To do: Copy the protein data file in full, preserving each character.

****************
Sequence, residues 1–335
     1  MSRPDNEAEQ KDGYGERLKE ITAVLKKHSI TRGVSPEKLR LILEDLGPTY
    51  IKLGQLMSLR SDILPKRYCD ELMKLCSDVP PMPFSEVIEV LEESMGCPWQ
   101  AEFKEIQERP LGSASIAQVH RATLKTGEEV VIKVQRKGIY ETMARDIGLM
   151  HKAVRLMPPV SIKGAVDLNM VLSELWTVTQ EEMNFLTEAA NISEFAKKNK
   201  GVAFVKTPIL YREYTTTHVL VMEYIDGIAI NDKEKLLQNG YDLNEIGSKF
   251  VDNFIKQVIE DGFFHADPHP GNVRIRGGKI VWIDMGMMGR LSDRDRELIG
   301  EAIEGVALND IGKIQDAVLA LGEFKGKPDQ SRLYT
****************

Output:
Sequence, residues 1–335
     1  MSRPDNEAEQ KDGYGERLKE ITAVLKKHSI TRGVSPEKLR LILEDLGPTY
    51  IKLGQLMSLR SDILPKRYCD ELMKLCSDVP PMPFSEVIEV LEESMGCPWQ
   101  AEFKEIQERP LGSASIAQVH RATLKTGEEV VIKVQRKGIY ETMARDIGLM
   151  HKAVRLMPPV SIKGAVDLNM VLSELWTVTQ EEMNFLTEAA NISEFAKKNK
   201  GVAFVKTPIL YREYTTTHVL VMEYIDGIAI NDKEKLLQNG YDLNEIGSKF
   251  VDNFIKQVIE DGFFHADPHP GNVRIRGGKI VWIDMGMMGR LSDRDRELIG
   301  EAIEGVALND IGKIQDAVLA LGEFKGKPDQ SRLYT